During the appeal of the first case, which took place in early 2016, Krawatsky was placed on leave by the Beth Tfiloh day school, his primary employer. 

Speaking to NJJN, Zipora Schorr, Beth Tfiloh’s director of education, said she was unaware that the rabbi had been indicated for sexual abuse in September 2015 or in March 2017.

In a subsequent email exchange, Schorr acknowledged that she “was informed of the indication via email on September 25, 2015 from Frederick County Child Protective Services unit.” She said Krawatsky was immediately suspended and escorted out of the building. 

Schorr maintains she did not know about Krawatsky’s second indication or his subsequent appeal. 

According to experts, a successful appeal does not exonerate the accused. The case was closed on Feb. 10, 2016, after the parties settled the matter prior to any appellate review. The lawyer representing CPS and Krawatsky’s attorney, Chris Rolle, reached a settlement to downgrade Krawatsky’s “indication” to an “unsubstantiated” status. 

Krawatsky was immediately reinstated at Beth Tfiloh after the first appeal, with no further investigation by the school.

It is not unusual for CPS legal personnel to settle with an alleged abuser’s attorney, legal experts say. “With limited financial and legal resources, CPS caseworkers will often choose to settle with the alleged abuser’s attorney, a preferable outcome to the indication being ruled out and the record destroyed,” said Barnes. 

Converting a ruling from “indicated” to “unsubstantiated” preserves a paper trail on the alleged abuser. (In Maryland, anyone with an “indicated” or “unsubstantiated” finding of child abuse is entered into a central confidential state database, according to the Maryland Department of Human Resources.)

Victor Veith, the child sex abuse expert, agreed: “A high-priced attorney can browbeat CPS to downgrade that ‘indicated’ to ‘unsubstantiated,’” he said. “That’s not rare.” 

(In Maryland, the third potential outcome of a CPS investigation is “ruled out,” meaning that based on the available information, child maltreatment did not occur. This determination was not reached in the cases involving Krawatsky.)

Schorr, meanwhile, continues to affirm her belief in Krawatsky’s “complete innocence,” though she declined to explain why. 

As an example of Krawatsky’s popularity, last November, when Chaim Levin, an activist and advocate for child abuse victims, posted a warning about the rabbi on his Facebook wall, indignant responses poured in. Most of them attested to Krawatsky’s exceptional character and fastidious care of the children under his watch. (Levin previously worked for The Jewish Week as an editorial intern.)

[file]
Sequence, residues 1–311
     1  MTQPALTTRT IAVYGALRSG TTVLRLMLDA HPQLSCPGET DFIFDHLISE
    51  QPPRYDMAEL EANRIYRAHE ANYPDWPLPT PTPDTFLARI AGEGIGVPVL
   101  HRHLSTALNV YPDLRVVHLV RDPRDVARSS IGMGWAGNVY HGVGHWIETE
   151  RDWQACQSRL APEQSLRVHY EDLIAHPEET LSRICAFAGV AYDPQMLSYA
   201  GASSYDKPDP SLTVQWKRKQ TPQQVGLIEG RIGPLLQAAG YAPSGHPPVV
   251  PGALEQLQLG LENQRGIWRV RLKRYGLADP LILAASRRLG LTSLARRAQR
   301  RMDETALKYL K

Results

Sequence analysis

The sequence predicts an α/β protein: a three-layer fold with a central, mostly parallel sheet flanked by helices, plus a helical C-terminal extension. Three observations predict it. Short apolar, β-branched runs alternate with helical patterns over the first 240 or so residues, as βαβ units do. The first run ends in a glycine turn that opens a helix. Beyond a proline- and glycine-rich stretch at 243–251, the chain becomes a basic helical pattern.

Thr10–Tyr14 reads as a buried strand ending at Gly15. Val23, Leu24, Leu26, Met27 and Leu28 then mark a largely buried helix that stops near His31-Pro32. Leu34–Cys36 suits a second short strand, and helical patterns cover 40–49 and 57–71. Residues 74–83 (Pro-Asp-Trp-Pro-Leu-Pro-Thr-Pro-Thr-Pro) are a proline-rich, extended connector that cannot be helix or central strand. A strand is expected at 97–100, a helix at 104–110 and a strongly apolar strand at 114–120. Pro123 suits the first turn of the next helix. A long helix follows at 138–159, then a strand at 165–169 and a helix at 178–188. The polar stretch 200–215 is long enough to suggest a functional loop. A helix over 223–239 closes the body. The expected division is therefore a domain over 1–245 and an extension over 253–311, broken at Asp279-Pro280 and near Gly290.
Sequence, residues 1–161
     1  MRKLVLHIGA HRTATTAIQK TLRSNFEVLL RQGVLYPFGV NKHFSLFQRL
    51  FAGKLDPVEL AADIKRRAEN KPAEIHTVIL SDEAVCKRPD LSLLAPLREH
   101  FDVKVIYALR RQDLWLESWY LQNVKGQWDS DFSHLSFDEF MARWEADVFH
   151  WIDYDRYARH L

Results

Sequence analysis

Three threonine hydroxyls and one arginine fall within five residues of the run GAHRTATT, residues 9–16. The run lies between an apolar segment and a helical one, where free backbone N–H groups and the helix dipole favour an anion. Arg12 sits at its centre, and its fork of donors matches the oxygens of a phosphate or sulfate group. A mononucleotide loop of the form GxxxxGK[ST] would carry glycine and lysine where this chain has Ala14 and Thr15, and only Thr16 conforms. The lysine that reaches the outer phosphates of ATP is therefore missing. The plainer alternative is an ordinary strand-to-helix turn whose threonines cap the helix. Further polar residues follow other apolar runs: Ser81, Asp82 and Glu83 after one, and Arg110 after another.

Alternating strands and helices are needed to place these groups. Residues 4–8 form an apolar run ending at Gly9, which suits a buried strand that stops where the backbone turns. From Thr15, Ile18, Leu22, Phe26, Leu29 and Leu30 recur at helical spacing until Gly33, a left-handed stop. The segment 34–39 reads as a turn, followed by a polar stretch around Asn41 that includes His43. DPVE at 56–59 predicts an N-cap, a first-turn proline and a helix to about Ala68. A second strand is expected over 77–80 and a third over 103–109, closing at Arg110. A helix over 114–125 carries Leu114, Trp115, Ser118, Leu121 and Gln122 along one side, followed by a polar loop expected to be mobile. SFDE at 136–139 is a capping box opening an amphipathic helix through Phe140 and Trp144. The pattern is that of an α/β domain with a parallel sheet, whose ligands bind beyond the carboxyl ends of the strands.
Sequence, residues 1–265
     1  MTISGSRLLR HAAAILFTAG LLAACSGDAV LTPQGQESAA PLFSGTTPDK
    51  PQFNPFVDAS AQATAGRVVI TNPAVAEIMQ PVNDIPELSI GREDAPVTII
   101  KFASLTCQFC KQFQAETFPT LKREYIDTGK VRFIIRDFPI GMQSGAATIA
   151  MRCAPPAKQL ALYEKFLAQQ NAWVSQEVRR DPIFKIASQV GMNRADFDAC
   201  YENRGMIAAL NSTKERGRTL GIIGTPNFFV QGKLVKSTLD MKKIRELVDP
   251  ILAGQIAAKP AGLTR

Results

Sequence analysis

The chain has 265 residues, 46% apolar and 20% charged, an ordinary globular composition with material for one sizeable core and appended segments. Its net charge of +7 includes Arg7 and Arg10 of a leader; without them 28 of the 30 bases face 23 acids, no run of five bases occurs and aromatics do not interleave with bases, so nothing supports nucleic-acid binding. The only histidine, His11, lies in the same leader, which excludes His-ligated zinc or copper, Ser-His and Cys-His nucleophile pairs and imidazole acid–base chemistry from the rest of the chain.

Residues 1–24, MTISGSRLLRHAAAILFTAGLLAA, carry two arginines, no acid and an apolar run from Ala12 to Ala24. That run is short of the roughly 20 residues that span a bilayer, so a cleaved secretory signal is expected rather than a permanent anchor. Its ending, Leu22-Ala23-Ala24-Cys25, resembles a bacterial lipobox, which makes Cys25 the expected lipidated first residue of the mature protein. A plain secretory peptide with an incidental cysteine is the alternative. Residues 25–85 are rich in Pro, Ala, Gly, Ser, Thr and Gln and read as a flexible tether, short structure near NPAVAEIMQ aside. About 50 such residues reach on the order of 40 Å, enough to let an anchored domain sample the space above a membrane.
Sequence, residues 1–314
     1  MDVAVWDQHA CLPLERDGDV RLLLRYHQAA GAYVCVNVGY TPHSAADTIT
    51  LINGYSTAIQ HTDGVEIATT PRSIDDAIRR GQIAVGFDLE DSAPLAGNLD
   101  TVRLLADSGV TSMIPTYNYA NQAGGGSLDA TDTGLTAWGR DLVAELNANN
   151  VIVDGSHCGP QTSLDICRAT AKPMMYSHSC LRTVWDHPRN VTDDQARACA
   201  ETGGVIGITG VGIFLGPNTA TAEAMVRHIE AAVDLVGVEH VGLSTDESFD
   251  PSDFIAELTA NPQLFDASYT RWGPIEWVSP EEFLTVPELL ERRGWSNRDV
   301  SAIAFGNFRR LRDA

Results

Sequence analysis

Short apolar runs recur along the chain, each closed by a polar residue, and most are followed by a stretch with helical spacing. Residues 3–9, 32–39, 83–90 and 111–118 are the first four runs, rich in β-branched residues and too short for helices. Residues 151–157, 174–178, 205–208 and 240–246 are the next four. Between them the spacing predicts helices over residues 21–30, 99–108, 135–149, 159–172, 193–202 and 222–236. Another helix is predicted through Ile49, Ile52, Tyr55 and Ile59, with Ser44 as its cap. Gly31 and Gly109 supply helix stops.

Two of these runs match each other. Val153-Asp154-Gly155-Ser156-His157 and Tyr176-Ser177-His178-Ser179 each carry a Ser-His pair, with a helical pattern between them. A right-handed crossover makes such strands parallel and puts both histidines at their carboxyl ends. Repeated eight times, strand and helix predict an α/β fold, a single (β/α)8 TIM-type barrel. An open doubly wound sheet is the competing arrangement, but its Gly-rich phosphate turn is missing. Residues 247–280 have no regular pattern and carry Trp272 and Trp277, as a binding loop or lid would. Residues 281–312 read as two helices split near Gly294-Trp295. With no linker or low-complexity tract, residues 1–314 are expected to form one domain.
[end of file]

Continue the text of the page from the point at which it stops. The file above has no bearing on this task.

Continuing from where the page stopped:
To date, the Nov. 10 post has received nearly 70 comments, almost exclusively defending the rabbi. 

“I can prove to you that Rabbi K is innocent. Stop hurting HIS children by bringing up a case that was thoroughly investigated and thrown out. It is honorable to protect kids. It is awful to slander an innocent person,” one mother wrote. 

One commenter posted about his “multiple 1 on 1 lunch and learns with the accused as a middle schooler” and recalls going over to the rabbi’s house “for sleepovers as an elementary school student” as evidence of his trustworthiness. 

The thread also contains vicious verbal attacks against Levin (who said he received multiple threats) and the victims’ families.

The OU’s knowledge — and apparent inaction

In September 2016, more than a year after the allegations against Krawatsky surfaced, the Orthodox Union’s Yachad, a national organization that works to include individuals with disabilities in Jewish life, struck up a collaboration with Suburban Orthodox synagogue in Baltimore to create a Teen Inclusion Minyan, a prayer service catering to children and teens with disabilities. 

Krawatsky, the synagogue youth director, was appointed to lead the Yachad program in addition to his job at Beth Tfiloh. Days after the new Yachad minyan began to advertise, several different individuals approached the Orthodox Union with concerns about Krawatsky’s appointment. David Ohsie, a concerned father of eight living in the Baltimore Orthodox community, communicated his concerns to Deborah Rockoff, Yachad’s director of national programs, via email and phone for nearly two months. 

(Rockoff, who did not respond to requests for comment, assured Ohsie that the OU was going to remove Krawatsky from his position of leadership, according to Ohsie. Krawatsky was not removed from the special needs minyan.)

Upon receiving complaints, Jeffrey Lichtman, international director of Yachad, conducted a “preliminary investigation” into the rabbi, according to Lichtman. (The Yachad employee tasked with investigating the matter had no training in cases of child sexual abuse, Lichtman said.) 

The OU reached out to two independent groups for further information: the Gundersen National Child Protection Training Center and GRACE, an organization that has in the past helped Christian organizations respond to abuse. Both organizations confirmed to NJJN that Lichtman reached out regarding the matter of Krawatsky in November 2016, and both strongly recommended that the OU engage a third party to conduct an independent investigation into what Boz Tchividjian, founder of GRACE, described as the “very serious allegation in Baltimore County.” 

(The OU has a fund set aside to help member synagogues investigate abuse claims.)

The Gundersen and GRACE organizations said the OU expressed interest in retaining their expert personnel to conduct an investigation into the matter. Both organizations said Lichtman requested proposals for conducting an investigative assessment. Both independently took the time to prepare these proposals for the OU, but said they did not hear back from Lichtman. 

Lichtman said he did not follow through with these experts because Krawatsky “was not an employee so we did not conduct further investigation.”